Cancer survivor continues fitness regimen at 82

Eileen Birdsong, pictured May 29, 2014, exercises daily with light weights and walks along the pathways near her Pleasanton, Calif. home. Birdsong has faced cancer three times over the past two decades, but she has never let it slow her down. (Jim Stevens/Bay Area News Group/MCT)

(MCT) -- WALNUT CREEK, Calif. - Eileen Birdsong has faced cancer three times over the past two decades, but she has never let it slow her down.

During eight months of radiation treatment for breast cancer in the mid-1990s, the Pleasanton woman walked the 6-mile round trip to her doctor's appointments five days a week.

Two years ago, back home following surgery from esophageal cancer, she was walking as soon as she could, if only to the end of the block and back.

"It's not how much you do or how far you walk, doing some form of exercise is better than doing nothing," says Birdsong, 82. "My doctors told me I survived because I had taken such good care of myself all my life through exercise and diet."

Birdsong's can-do spirit revealed itself when she was a young woman in the 1950s, living and working in the Canadian Arctic with that country's Department of Defense. Birdsong, a native of Manitoba, was a dental assistant, supporting multinational military exercises at a base in Churchill, a town on the shore of Hudson Bay.

At the time, Canada and the United States feared a Soviet invasion via an Arctic route, so from September to May, the allies trained soldiers and pilots to fight in extreme weather conditions.

Churchill is known for its autumn migration of polar bears and stunningly stark landscape of tundra and icebergs.

"We were above the tree line," says Birdsong, who initially signed a one-year contract. For the six months of winter, she lived without sun. For the other six months, the sun shone all the time. And it was cold, with average January temperatures falling into the double digits below zero. "It was the coldest place I've ever been in."

But Birdsong loved the place and the work and stayed for five years. When she wasn't providing dental services to soldiers, she was dispatched to take care of the teeth of Inuit and other natives.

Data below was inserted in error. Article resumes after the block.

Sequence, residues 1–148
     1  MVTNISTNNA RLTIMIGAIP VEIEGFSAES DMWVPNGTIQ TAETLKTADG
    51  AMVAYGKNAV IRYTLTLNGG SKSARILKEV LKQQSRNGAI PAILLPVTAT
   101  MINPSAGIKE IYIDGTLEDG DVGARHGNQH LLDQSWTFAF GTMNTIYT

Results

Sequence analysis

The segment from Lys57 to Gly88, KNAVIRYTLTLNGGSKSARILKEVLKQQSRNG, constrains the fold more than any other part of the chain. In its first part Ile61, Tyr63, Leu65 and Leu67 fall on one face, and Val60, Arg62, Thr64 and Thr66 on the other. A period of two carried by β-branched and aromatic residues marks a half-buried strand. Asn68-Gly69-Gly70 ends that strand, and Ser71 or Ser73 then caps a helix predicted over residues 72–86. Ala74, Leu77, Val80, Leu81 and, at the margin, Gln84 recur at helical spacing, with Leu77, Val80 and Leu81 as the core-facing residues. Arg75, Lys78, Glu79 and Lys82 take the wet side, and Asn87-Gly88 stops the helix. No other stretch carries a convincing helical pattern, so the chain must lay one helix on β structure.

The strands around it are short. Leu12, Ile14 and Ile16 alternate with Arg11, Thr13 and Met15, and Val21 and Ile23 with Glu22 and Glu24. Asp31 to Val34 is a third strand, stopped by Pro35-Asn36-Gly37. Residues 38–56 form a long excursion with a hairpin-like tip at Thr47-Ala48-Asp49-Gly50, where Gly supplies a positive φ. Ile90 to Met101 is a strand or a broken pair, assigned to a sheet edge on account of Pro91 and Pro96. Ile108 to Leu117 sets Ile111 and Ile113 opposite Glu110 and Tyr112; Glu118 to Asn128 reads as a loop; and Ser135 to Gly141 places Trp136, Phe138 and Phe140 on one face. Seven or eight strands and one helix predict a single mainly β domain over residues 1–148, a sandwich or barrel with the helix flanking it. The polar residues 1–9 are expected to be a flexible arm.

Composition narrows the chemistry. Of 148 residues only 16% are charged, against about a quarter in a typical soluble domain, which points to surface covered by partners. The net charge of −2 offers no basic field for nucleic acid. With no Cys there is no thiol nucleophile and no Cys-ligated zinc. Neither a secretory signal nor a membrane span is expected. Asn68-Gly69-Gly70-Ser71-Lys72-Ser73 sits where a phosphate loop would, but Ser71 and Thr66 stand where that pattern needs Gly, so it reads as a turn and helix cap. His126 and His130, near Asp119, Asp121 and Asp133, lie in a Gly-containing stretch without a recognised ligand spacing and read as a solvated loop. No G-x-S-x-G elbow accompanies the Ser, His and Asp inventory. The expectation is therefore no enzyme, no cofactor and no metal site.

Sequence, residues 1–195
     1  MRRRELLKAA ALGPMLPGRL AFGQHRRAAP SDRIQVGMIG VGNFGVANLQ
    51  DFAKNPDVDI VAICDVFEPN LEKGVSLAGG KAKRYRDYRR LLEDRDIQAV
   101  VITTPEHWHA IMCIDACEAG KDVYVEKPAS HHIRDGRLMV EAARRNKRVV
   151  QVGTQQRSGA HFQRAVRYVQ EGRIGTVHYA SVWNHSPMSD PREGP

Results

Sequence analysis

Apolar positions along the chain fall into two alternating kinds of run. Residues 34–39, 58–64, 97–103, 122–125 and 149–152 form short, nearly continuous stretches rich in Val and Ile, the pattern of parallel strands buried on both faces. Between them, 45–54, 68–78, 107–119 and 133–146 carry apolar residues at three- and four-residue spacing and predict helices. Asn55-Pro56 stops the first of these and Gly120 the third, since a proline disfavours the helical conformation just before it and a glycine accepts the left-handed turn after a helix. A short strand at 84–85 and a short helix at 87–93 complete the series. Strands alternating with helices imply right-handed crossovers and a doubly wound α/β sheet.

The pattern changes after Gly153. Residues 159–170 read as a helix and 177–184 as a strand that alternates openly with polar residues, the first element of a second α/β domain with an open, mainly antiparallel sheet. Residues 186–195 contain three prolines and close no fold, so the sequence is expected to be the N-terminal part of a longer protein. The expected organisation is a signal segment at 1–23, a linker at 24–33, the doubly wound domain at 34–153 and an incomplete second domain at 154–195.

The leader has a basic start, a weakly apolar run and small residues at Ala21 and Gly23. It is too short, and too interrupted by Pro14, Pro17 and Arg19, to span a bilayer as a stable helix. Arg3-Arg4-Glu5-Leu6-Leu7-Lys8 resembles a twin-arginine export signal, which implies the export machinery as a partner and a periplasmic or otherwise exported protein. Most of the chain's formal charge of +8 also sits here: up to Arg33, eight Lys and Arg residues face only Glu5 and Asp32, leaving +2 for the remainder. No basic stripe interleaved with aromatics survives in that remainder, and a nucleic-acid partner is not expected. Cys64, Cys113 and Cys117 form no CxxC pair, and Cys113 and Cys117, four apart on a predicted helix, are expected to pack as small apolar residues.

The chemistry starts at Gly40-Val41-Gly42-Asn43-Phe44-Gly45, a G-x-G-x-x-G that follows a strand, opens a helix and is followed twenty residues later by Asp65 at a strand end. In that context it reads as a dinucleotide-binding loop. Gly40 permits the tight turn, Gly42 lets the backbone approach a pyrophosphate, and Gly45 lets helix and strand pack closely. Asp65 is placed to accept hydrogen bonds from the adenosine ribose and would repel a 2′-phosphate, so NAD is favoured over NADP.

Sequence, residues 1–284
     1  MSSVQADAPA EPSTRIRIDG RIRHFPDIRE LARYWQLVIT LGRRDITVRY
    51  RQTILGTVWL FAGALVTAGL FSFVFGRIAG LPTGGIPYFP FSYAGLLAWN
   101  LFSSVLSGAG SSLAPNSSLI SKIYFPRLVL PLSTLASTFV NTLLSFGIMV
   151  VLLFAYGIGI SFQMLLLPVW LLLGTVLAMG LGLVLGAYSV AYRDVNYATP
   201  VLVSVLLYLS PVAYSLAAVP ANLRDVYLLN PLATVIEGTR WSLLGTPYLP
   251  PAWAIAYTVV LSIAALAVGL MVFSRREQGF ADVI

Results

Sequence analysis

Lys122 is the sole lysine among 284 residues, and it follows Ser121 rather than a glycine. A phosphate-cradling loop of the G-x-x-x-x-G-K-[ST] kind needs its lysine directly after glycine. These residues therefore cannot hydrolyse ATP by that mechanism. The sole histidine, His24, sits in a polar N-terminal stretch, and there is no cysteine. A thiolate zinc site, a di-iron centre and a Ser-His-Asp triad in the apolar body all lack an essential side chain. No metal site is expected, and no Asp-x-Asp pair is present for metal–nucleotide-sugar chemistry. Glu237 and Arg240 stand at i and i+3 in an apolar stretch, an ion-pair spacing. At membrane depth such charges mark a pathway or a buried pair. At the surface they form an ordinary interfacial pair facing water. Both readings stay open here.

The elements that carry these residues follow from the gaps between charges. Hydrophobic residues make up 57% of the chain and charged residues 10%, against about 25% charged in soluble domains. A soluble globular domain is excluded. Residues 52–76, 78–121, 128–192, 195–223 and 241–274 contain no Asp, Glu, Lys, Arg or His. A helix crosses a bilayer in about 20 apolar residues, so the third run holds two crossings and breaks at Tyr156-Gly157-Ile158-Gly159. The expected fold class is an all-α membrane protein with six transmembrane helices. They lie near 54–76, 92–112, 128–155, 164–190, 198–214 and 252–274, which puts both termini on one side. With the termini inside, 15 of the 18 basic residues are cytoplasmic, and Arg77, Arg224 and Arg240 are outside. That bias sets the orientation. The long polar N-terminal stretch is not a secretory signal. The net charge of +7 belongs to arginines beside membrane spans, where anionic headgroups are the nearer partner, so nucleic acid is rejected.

In the 1950s, Birdsong says, people didn't think about going out to exercise just for the sake of exercise, but Birdsong couldn't help but get fit.

"You were always walking outdoors in cold weather," she says. "You could eat like a horse because you burned a lot of calories just surviving."

Her Arctic adventure ended after she met her first husband, U.S. Army Col. William Trapp, who had accompanied Wernher von Braun, considered the German father of rocket science, to the Canadian north to test rockets.

Birdsong became a military wife. She maintained her sense of adventure while finding something to enjoy in every place they were posted, from Leavenworth, Kansas, to Taiwan and Bangkok.

After Trapp died, Birdsong met her second husband, U.S. Air Force Col. George "Buzz" Birdsong, a famed World War II pilot, at a cocktail party in Washington, D.C., in 1967. Col. Birdsong participated in the first daylight raids over Germany, and his plane, the Delta Rebel, was the first to complete 25 missions in Europe. After the colonel retired, they married in 1970 and eventually settled in Pleasanton to be closer to three of his four children from an earlier marriage.

Eileen Birdsong stayed active by working as a receptionist at a Pleasanton law firm and volunteering at the Camp Parks Reserve Forces Training Area in Dublin and the Livermore Veterans Administration Hospital. She joined wildlife and birding groups that had her trooping all over the East Bay hills, and played after-work rounds of golf with her husband. Col. Birdsong died in 2004.

Birdsong began her six-mile walks after she retired from the law firm. Since her cancer surgery two years ago, she reduced walking from six miles to three but is satisfied with that distance because she maintains a pace that has her done in an hour.

These days, she also stretches every morning. Four times a week, she uses eight-pound weights to do a series of lifts to strengthen her upper body and to "get my blood going first thing in the morning."

Not only does the exercise make her feel better, she knows it's key to maintaining her independence.

"I am thankful every day that I am able to be active," she says, "and hopefully, in the process, encourage other seniors to get moving."